One such example in Europe is the $20.4 billion National Pensions Reserve Fund of Ireland, established in 2001 to meet the costs of Ireland’s social welfare and public service pensions starting in 2025. Its private equity program was launched in 2005. Although the target allocation to the asset class is 8 percent, the actual allocation stands at only 3.2 percent, and the LP is expected to commit anywhere from zero to $50 million this year to U.S. managers, said Nick Ashmore, head of private equity. If the pension fund does decide to make new commitments this year in the United States, “it is likely to be late in the year and in a modest way,” said Ashmore. National Pensions Reserve Fund of Ireland has an appetite for both buyout and venture funds. Last year it backed funds managed by mega-firms Clayton, Dubilier & Rice and TPG; Montagu Newhall Associates, a venture capital fund-of-funds manager; and Oaktree Capital Management, which invests in distressed debt opportunities worldwide.
Many of the newest investors hail from Asia, where LPs have been looking to diversify beyond their home countries, particularly by backing distressed asset investors in both the United States and Europe.
Indeed, late last year the sovereign wealth fund of the government of China, the $200 billion China Investment Corp., established in 2007, hired Zhou Yuan, former head of Chinese investment banking for UBS, as its head of alternative investments.Already the LP has backed both private equity and hedge fund of funds, in addition to making direct investments in private equity shops. Along with a 12.5 percent stake in The Blackstone Group, China Investment Corp. last year supplied 80 percent of a $4 billion fund managed by financial services specialist J.C. Flowers & Co. Last month, the sovereign wealthy fund also pledged $800 million to a $6 billion global real estate fund managed by Morgan Stanley.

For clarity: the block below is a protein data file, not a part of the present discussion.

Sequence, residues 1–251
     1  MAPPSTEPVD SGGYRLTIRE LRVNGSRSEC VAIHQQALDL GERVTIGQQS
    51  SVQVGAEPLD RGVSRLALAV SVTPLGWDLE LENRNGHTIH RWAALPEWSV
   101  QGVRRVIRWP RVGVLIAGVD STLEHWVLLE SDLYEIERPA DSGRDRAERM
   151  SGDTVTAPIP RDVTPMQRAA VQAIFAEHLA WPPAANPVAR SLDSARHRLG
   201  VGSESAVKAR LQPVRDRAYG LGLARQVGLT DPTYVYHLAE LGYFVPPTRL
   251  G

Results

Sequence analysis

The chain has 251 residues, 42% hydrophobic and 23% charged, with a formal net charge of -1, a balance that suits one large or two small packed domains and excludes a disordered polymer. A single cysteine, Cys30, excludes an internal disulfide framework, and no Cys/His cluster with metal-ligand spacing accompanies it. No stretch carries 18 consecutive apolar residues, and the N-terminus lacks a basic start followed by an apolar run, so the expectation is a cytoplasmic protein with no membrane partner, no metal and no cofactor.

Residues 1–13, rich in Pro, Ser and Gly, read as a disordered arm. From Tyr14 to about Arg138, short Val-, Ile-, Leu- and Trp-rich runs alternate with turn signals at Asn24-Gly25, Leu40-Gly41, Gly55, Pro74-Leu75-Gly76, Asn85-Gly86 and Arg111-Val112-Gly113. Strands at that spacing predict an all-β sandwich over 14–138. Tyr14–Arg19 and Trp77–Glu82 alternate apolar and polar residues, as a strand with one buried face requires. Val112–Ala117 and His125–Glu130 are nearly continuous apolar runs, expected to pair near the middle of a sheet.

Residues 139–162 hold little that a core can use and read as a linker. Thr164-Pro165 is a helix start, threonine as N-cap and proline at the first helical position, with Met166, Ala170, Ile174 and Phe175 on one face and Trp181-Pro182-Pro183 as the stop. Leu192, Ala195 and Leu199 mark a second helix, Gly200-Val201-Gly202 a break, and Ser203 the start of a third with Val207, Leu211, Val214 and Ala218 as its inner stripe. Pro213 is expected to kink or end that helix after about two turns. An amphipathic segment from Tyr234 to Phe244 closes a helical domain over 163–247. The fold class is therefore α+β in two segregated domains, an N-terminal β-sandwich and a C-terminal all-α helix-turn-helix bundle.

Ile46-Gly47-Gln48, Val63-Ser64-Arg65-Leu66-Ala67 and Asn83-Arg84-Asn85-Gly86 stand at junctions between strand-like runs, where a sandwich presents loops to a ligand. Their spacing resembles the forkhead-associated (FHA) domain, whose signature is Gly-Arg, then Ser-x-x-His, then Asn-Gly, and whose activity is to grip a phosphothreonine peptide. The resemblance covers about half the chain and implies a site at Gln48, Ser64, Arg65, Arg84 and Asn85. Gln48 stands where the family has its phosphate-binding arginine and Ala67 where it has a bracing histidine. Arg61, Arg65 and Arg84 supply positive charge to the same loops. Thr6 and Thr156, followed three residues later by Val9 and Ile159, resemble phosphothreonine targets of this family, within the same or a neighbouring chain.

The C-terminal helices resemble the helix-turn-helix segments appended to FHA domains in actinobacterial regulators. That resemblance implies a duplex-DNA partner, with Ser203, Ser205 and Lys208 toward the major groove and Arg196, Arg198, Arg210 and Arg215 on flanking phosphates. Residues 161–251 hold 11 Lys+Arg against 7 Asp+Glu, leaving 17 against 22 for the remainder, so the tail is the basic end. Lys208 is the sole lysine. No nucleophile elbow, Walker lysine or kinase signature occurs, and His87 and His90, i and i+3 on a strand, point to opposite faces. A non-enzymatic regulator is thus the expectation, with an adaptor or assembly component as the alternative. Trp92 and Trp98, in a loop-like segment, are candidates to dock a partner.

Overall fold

Elsewhere in Asia, the $110 billion Pension Fund Association of Japan hired consultant Hamilton Lane last year to help expand its private equity portfolio, although the size of the mandate has not been made public. Before that, the LP had committed to Japanese private equity firms, and also backed some mega-buyout funds through funds of funds. In January, meantime, the $10 billion Government Pension Fund of Thailand handed Switzerland-based Capital Dynamics a $330 million mandate to be invested over three years as part of its first overseas private equity program. U.S. buyout funds are being considered as part of the portfolio, according to a Capital Dynamics spokesperson.